1914 September 22 — German submarine U-9 sinks three British armoured cruisers HMS Aboukir, HMS Hogue and HMS Cressy in one action.(details)

http://en.wikipedia.org/wiki/List_of_submarine_actions
User avatar
By MB.
#13427729
And how many warships were sunk by German submarines after September 22, 1914?
By cowofzot
#13427788
Good question, they hid in port after that.


On 22-Sep-1914 the U 9 under command of Kapitanleutnant Otto Weddigen sank the British light cruisers Abourkir, Hogue and Cressy in the English Channel. The problem here is that both sides soon refused to put their warships at risk by cruising the high seas. The great naval build-up of the last decade may have been one of the most monumental wastes of money of all time - both fleets spending the majority of the war at their home bases with the notable exception of Jutland.

http://www.worldwar1.com/arm012.htm




Feb 1915
The campaign began on 28 February, and, despite the small number of active U-boats, did well. In all, 29 vessels totaling some 89,500 gross tons were sunk in March; 33 ships totaling 38,600 tons in April; 53 vessels totaling 126,900 tons in May; 114 ships totaling 115,291 tons in June; 86 ships totaling 98,005 tons in July; 107 vessels totaling 182,772 tons in August; and 58 ships totaling 136,048 tons in September. British antisubmarine measures accounted for 15 U-boats, but the German Navy commissioned 25 new boats during the period.
User avatar
By MB.
#13427882
Cowofzot, very good! What are your thoughts about the development of the convoy system?
By pugsville
#13429472
The convoy system was widely regarded as a massive sucess in both wars, the Admirality tended to be agianst it for a number of reasons, (1) the esstianil defensive nature of the work, "hunter groups" attacking u-boats were prefered, but were a massive failure. (2) working with the merchant marine, civilians, non-professionals was beneath them (3) the big depolyment of escorts which would be a massive commitment, which would impact fleet operations as battleships also required escorts and screen ships, destroyers the ideal ship for both jobs were in demand. (thus the 50 old destroyer deal in the second war)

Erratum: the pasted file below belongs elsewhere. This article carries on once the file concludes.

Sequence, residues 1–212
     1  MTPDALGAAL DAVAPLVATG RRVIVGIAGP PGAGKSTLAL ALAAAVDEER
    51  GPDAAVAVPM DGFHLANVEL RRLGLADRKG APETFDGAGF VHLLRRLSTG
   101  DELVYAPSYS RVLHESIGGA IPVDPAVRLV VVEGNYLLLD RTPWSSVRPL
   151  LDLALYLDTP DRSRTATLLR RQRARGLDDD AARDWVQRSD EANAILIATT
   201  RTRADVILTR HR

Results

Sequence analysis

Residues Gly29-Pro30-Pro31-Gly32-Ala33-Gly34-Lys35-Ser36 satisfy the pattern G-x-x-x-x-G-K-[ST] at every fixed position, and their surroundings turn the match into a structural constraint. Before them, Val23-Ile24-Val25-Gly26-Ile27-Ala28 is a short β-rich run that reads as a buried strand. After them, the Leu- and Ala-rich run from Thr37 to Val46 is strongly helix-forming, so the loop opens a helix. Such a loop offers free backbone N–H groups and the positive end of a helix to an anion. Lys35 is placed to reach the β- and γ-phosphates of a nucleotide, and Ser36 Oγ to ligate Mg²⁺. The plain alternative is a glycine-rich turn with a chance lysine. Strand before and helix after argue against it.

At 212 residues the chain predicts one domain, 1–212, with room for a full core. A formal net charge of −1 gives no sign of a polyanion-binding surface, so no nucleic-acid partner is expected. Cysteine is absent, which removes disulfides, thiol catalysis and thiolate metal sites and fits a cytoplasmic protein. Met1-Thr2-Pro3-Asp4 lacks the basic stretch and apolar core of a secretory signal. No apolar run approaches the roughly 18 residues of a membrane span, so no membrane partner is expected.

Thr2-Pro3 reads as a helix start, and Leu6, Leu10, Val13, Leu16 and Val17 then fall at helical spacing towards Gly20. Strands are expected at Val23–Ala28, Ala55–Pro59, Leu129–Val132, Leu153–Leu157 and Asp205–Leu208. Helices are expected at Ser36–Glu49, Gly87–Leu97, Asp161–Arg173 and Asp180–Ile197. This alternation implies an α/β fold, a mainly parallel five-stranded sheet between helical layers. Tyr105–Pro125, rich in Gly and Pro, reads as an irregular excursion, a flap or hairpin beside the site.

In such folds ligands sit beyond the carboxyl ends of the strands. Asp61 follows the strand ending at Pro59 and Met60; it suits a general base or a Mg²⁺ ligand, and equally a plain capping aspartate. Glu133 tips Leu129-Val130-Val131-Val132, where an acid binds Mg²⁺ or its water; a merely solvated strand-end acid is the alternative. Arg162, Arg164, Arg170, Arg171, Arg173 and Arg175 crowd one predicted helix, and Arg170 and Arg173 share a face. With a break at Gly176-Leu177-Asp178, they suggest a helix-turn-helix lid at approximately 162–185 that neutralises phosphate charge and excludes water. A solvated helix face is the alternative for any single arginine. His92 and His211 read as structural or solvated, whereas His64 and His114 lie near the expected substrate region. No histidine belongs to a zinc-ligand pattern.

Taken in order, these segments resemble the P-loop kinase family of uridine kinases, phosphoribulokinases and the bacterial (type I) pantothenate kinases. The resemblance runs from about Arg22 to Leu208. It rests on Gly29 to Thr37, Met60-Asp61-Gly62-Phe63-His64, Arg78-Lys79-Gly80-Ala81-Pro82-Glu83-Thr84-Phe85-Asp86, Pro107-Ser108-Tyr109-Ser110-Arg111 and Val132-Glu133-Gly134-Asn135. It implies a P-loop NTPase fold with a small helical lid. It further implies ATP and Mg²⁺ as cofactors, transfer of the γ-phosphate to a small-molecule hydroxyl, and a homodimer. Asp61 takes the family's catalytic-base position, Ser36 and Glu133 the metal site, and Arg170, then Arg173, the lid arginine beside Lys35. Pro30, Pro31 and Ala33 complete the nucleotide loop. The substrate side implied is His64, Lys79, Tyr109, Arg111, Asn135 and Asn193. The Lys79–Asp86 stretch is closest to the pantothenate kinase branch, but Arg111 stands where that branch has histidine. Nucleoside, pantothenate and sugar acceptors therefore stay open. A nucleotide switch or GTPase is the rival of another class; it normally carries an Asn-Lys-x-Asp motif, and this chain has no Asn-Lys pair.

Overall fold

"Of the 16,693 merchant vessels being escorted from May 1917 to November 1918 in one of the 1,134 convoys, 99% safely reached their destination. "

from

http://www.uboat.net/history/wwi/part5.htm

The Germans may well have been much better off devoting there resources to u-boats rather than battleships in the first war , (even in the second they do not enter the wr with a big u-boat fleet) but the prestiage of battleships lead to an active political lobby (the navy league etc) which it would have been harder to get for u-boats not the glamour part of the fleet, submarines were pretty new and not understood, and building up u-boats instead of the rest of fleet might be pretty crystal vision hindsight and harder to see at the time, I think good operational submarines were only coming into service as the war began, and there was not the history of service and understanding of the pretty new weapon. U-Boat sinkings also generated a lot more heat in ww1, the Americans would have been very very upset by large scale unrestricted u-boat war, (there were also pretty pissed at the British for the blockade as the loss of very lucaretive german market during the war, but the u-boat sinkings managed to quash that) A larger , earlier full scale effort would have had a very big effect in the US, earlier entry likely.
By pugsville
#13429474
Just looking up German ship Building expeditures for 1913 (7.5 mill poounds) submarine costs were about 1 million pounds (though listed as construction and experiments) which would suggest for a pretty modest submarine fleet, the costs were not cheap (though a 1 million pounds is rough costs of 1 battleship) Sub marines I think required more highly trained crew.